No And Yes

This appeared on our Facebook feed recently:

Everyone OK with using socialism to clean up after Harvey?  Or should we use the free market.  Just asking for a friend.

The obvious answers are no to the first question and yes to the second.  Here is the funny thing: The quote comes from the US Democratic Socialists page!  Does anyone really think that socialism is effective or could be effective with these kinds of problems?  The WSJ has a nice story on self-organized volunteers.  Does anyone think that capitalism or free markets will not be effective?  We are sure that Mark Perry has something on how folks will try to blunt the market’s ability to get the necessary items to Texas by fixing prices.  Ah, here is one.  If you want effective solutions you need markets.

Or is it that the socialists what Texas to suffer?

Enough Never Trump

We love Kevin Williamson, Jonah Goldberg is often entertaining, and David French writes but the NRO Never Trump Brigade needs to find a new song.  Today it is Kevin’s turn to salt the soil:

Some of the smarter right-wing talking mouths on cable news have already developed aggressive amnesia regarding their own complicity in Trump’s rise, and it is likely that many will follow. The line of argument will be: “Hey, I was a big Ted Cruz supporter, really, but, after the primary, it was Trump or Hillary.” Some people will need reminding of what they said and did.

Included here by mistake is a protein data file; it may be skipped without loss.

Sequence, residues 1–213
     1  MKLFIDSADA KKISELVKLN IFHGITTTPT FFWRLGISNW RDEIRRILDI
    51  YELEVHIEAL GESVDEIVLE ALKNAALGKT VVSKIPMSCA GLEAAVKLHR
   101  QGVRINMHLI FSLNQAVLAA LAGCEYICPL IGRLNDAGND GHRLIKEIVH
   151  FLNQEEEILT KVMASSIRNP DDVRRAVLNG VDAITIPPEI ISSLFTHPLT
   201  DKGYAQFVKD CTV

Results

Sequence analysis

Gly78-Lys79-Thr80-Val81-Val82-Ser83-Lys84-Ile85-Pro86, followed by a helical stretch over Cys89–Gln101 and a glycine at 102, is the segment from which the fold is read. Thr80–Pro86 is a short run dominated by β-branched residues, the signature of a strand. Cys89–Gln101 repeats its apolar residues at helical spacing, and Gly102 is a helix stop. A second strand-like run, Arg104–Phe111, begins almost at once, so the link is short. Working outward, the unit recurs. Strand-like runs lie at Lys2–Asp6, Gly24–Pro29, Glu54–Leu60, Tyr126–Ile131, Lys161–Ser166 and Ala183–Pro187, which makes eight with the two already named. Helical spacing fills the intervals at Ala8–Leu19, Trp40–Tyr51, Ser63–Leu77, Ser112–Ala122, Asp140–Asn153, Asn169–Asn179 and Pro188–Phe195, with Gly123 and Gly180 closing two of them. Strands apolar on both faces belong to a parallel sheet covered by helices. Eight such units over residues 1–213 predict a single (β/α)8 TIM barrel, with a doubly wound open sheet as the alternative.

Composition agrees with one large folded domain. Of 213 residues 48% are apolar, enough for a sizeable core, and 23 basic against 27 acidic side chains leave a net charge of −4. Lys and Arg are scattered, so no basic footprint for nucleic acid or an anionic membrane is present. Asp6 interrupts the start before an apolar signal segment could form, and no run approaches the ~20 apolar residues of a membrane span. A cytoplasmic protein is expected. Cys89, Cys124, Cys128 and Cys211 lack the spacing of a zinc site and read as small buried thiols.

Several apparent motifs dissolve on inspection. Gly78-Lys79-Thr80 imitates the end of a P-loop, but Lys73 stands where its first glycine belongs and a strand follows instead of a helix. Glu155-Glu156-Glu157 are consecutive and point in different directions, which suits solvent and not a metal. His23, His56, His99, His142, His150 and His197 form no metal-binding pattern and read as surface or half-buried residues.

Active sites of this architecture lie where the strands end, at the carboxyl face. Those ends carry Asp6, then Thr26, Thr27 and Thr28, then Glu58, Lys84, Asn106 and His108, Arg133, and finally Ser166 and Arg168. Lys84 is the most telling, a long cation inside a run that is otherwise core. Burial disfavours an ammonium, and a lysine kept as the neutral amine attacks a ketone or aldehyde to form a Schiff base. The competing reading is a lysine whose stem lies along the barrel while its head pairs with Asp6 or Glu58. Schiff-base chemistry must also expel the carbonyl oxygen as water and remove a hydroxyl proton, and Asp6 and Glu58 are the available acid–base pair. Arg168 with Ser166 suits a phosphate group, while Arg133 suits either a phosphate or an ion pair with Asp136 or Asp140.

To be fair to Kevin, he is against impeaching The Donald.  To be fair to us, we were for anyone but The Donald in the primary.  Like many, we were not a big Ted Cruz supporter but we voted for him in the primary because he was better than The Donald.  In the general election our first choice was Mitt’s second term but that wasn’t on the ballot.  The choice, and it was a binary one, was between The Donald and Herself.  We, and the country, made the right choice and voted for The Donald.

NRO deserves some credit for The Donald’s rise.  They were steadfastly against The Donald but tried to beat somebody (The Donald) with nobody for most of the primary season.  They, like many others, underestimated The Donald until it was too late and then nothing worked.

Many of The Donald’s supporters main concern was illegal immigration.  There has not been a legislative solution but there has been a change:

Illegal immigration across the southwest border is down more than 60 percent so far under President Trump, officials revealed Tuesday, even before the first new agent is hired or the first mile of his promised border wall is constructed.

Those supporters have gotten what they wanted.

It was a binary choice in November.  There were many folks that reluctantly supported The Donald.  It was the right choice.  If the Never Trump Brigade didn’t support The Donald in November then they were wrong.  They don’t need to admit it but the Never Trump Brigade needs to stop emulating The Donald.  Write less silly stuff.  Instead let us talk of serious things.

Bias By Viewpoint

James Damore, the fired Google employee, tries to identify biases by viewpoint in his email that led to his firing.

Sidebar: Part of the title of the cite above describe the email as “An Anti-Diversity Screed.”  It is not Anti-Diversity as it tries to find ways to increase diversity.  It is not a screed as in a ranting piece of writing.  Since screed also includes a lengthy discourse and the email runs ten pages then it might sneak in as a screed but it is the opposite of a rant.  It is a plea to be rational in augmenting diversity  End Sidebar.